Tag Archive | "organizing principle"

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Food Should Be Available to All

Posted on 22 August 2014 by Jerry

I wonder if there was sufficient food in the Garden of Eden?  Why is there so much starvation in the United States?  Do we not have plenty of food for everyone?

We may have taken capitalism too far when our poorest citizens are starving.  This leads to big supermarkets avoiding neighborhoods where poor people live because these neighborhoods don’t represent viable business opportunities.  Something is wrong when an elaborate procedure and bureaucracy is set up to take donated food from retail stores, leading to more spoilage, and cart it to a central distribution facility where it is given out.

Having reviewed most of the various non-profit solutions to get surplus food to people that need it, the methods cover the full gamut.  This leads to a belief that we need an organizing principle to guide our efforts.  The most rational organizing principle was used in getting consumers to shop locally avoiding foods that have been sent from a long distance location somewhere around the world.

We should modify this principle to include the following thoughts:

  • We should work to eliminate the middleman between the food and the recipient.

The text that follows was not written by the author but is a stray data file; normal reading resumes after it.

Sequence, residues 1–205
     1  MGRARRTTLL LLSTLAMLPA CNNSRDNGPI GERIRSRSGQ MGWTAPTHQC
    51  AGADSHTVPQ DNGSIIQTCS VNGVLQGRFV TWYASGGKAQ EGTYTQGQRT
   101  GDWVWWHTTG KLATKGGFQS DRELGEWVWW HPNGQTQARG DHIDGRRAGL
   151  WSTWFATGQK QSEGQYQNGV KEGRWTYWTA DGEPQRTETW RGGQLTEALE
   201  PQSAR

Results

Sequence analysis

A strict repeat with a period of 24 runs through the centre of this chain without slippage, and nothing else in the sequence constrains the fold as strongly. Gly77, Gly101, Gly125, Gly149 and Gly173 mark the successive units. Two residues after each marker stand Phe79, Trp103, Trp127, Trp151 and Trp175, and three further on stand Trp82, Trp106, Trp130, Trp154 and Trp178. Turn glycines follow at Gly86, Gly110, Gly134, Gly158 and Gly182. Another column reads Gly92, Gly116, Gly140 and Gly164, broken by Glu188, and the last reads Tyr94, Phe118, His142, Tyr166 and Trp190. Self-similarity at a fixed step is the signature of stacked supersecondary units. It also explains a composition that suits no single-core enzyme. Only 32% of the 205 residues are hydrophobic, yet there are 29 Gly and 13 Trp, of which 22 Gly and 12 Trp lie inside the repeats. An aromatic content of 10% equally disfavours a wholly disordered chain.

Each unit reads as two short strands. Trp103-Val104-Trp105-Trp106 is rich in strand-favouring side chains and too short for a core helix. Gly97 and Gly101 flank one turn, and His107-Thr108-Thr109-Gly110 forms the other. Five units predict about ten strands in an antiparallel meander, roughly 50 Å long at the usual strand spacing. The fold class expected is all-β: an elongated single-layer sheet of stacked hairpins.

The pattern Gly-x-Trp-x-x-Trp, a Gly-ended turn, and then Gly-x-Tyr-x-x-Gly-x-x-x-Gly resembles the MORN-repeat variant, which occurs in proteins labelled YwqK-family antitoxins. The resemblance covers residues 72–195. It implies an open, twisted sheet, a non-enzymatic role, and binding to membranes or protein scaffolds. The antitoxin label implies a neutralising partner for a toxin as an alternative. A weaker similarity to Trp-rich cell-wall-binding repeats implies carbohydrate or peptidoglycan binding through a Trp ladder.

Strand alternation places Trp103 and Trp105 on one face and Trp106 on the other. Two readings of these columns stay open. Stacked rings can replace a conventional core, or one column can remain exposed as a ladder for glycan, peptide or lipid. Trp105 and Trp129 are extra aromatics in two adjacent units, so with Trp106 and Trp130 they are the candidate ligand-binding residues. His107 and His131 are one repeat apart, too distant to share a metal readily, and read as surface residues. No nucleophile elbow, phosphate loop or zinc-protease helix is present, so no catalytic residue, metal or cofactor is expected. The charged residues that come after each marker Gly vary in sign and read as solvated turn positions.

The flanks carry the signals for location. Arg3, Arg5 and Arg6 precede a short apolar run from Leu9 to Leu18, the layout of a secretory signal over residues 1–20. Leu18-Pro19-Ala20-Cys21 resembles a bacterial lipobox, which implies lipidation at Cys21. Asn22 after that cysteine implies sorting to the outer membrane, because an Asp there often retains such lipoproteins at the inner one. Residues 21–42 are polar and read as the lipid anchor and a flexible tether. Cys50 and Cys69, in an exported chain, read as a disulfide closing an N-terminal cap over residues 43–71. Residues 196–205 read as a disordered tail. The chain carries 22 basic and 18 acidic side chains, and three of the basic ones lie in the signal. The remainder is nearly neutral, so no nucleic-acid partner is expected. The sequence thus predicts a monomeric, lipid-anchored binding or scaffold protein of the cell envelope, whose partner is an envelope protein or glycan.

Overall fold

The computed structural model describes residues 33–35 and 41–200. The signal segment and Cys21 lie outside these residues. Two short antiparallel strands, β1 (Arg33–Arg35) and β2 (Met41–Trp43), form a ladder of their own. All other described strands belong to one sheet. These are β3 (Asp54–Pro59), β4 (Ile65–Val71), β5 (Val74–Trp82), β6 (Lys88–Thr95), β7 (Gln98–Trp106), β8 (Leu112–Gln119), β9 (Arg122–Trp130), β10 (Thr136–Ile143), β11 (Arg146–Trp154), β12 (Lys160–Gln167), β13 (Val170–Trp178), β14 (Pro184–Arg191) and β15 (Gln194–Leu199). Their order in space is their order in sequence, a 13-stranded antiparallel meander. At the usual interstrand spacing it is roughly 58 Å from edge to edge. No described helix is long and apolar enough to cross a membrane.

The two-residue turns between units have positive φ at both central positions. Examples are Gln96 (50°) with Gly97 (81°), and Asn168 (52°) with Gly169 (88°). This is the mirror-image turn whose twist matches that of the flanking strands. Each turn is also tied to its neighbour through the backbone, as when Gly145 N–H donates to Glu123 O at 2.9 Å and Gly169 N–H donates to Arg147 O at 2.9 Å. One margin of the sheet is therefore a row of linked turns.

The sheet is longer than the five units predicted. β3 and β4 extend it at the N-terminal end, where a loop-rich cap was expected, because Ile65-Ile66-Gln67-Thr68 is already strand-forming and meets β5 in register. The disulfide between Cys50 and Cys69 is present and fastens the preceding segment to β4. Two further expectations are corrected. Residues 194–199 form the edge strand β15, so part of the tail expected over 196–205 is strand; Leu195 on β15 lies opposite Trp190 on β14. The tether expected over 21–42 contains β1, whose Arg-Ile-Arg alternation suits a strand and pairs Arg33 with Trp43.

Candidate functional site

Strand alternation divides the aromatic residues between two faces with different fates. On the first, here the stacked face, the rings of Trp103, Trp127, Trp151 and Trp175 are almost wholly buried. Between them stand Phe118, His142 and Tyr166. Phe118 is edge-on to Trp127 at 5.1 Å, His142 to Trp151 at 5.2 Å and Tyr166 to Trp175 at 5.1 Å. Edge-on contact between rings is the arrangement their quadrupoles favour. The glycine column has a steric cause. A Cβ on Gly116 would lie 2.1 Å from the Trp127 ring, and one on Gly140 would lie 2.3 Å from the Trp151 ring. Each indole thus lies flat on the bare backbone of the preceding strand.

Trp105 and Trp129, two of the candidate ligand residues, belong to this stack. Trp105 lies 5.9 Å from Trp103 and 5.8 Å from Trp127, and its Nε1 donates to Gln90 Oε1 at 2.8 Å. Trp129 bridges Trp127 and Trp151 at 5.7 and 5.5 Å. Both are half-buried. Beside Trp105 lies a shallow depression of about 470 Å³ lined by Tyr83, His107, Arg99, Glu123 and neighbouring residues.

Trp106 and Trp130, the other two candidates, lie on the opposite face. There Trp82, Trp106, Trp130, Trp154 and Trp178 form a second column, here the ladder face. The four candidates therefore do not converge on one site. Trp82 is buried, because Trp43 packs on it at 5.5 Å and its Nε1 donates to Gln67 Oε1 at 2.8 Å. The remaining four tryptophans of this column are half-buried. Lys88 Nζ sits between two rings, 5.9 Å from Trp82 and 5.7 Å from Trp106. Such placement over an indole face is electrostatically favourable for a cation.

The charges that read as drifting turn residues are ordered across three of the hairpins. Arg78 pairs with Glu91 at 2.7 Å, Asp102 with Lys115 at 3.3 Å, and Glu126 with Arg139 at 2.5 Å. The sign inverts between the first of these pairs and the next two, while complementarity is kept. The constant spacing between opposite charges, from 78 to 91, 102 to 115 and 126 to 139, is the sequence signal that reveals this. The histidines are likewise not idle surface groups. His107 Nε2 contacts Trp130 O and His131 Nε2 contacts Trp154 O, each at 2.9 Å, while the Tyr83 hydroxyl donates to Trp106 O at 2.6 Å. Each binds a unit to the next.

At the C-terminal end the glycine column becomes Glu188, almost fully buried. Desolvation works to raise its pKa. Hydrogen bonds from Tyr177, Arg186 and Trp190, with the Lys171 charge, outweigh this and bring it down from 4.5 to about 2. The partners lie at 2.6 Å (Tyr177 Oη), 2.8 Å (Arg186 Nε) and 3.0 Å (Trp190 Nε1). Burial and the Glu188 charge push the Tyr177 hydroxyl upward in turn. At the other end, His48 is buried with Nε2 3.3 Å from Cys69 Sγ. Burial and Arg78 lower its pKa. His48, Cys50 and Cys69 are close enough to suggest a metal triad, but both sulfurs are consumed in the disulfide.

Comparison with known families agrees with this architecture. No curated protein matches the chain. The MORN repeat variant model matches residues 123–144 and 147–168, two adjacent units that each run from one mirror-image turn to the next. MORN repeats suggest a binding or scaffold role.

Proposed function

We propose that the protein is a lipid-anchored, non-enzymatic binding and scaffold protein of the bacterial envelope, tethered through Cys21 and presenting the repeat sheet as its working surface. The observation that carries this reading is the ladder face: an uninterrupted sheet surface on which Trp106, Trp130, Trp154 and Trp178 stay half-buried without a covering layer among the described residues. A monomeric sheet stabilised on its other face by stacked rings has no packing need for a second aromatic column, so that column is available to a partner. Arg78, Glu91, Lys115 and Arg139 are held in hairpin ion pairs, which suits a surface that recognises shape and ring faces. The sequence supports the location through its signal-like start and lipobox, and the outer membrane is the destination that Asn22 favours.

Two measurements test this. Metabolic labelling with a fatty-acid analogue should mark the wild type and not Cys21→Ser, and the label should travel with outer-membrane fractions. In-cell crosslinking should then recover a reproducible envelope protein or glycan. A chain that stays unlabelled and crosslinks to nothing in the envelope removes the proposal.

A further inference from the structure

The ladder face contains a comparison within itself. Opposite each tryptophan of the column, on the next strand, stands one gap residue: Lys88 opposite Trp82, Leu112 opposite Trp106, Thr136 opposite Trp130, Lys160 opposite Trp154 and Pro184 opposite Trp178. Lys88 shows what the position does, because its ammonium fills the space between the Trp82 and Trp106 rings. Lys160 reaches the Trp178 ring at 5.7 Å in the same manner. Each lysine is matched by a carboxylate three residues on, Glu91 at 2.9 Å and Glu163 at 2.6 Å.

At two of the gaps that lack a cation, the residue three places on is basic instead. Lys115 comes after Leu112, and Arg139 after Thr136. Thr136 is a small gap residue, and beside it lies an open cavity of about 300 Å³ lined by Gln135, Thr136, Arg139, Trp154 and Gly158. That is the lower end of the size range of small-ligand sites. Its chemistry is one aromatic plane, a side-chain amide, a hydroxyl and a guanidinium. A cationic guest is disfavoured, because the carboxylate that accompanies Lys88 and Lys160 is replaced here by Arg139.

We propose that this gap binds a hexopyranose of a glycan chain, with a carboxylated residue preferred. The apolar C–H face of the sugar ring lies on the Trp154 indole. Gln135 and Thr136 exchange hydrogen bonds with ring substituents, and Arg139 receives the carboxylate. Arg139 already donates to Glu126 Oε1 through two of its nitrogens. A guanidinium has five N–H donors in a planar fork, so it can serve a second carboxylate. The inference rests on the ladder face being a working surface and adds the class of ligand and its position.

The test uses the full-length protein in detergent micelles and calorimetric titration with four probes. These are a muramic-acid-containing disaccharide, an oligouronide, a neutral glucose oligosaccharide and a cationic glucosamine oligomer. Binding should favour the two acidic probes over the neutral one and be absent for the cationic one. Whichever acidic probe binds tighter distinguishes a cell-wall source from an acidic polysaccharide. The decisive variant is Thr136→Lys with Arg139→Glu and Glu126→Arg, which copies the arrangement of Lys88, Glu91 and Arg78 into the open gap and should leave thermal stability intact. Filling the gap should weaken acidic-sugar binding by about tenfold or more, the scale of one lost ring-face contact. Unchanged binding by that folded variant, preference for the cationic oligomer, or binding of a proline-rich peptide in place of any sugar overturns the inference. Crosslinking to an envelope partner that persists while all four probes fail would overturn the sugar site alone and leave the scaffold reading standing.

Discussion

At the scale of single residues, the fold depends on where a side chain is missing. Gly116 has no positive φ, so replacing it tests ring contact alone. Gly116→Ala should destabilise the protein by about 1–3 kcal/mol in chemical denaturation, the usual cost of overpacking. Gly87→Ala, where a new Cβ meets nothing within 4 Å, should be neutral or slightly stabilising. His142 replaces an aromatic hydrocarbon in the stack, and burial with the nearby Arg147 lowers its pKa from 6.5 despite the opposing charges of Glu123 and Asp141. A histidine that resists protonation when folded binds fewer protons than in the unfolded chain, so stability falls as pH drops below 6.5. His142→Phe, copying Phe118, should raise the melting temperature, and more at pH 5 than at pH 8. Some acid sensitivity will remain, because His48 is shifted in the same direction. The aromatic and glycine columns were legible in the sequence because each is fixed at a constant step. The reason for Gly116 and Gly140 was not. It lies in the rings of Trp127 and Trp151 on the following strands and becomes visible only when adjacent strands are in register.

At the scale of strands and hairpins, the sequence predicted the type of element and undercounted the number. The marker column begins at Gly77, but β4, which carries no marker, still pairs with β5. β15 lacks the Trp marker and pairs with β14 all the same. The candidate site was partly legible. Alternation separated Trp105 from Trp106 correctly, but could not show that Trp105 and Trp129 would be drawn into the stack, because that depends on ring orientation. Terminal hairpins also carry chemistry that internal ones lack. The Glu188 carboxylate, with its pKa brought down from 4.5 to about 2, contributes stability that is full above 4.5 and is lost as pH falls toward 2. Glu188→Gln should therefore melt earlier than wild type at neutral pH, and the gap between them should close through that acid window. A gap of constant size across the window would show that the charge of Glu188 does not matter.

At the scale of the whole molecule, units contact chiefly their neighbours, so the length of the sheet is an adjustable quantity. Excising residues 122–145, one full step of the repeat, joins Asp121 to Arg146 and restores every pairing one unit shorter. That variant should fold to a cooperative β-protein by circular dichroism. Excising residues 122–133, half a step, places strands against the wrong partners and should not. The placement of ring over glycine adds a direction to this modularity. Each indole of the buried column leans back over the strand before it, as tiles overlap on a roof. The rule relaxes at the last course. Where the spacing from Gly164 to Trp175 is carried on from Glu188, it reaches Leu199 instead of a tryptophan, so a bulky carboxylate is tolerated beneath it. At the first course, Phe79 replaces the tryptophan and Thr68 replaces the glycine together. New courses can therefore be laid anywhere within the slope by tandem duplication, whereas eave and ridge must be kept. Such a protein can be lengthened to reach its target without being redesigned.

• We should focus on fruit or other produce that does not require refrigeration.
  • We should give special focus to nutritious foods rather than processed, high calorie junk food with little value to ongoing health.
  • If we have to transport food from its source we should look for the closest location and nearest distribution channel.
  • We need to look for alternate new distribution channels where necessary.
  • We should make minor changes to the responsibilities of existing resources to accomplish increased food distribution.

If we focus on fruit and produce, obviously the easiest distribution is from the fruit tree in the backyard and the residential owner of the property to the front.  In fact, people used to have gardens and plant multiple fruit trees on their property so they would always have fresh fruit and produce.  This was when people did not mind planting and harvesting, which included clean up.

An immediate suggestion would be that these same private fruit trees be repositioned on the property so any passerby can gain access directly to the fruit.  An alternative is that residents be given crates with which to move harvested fruit and surplus produce to the street in front of their house, much as recycling is done today.  This would make the food available to everyone.  These crates should be marked with a sign that says, “To Be Shared with Neighbors” or something similar.

Each city in America, which includes San Francisco, plants thousands of trees each year and takes care of large parks all over the city.  There is little reason beyond tradition that causes a city to select one tree over others or use supervised land for one purpose over another.

The Parks Department could be tasked with planting a variety of fruit trees in public orchards.  At certain times a year, these trees would bear fruit and notices of locations would be circulated.  Parks department employees would be re-tasked with planning these orchards, harvesting the fruit and putting it out for free distribution much as farmers used to do.

While supermarkets make food available for central distribution and do not want to attract an “undesirable” type of person to their locations, their insistence on central distribution increases deterioration of the foods.  This unnecessarily reduces the value of the contribution.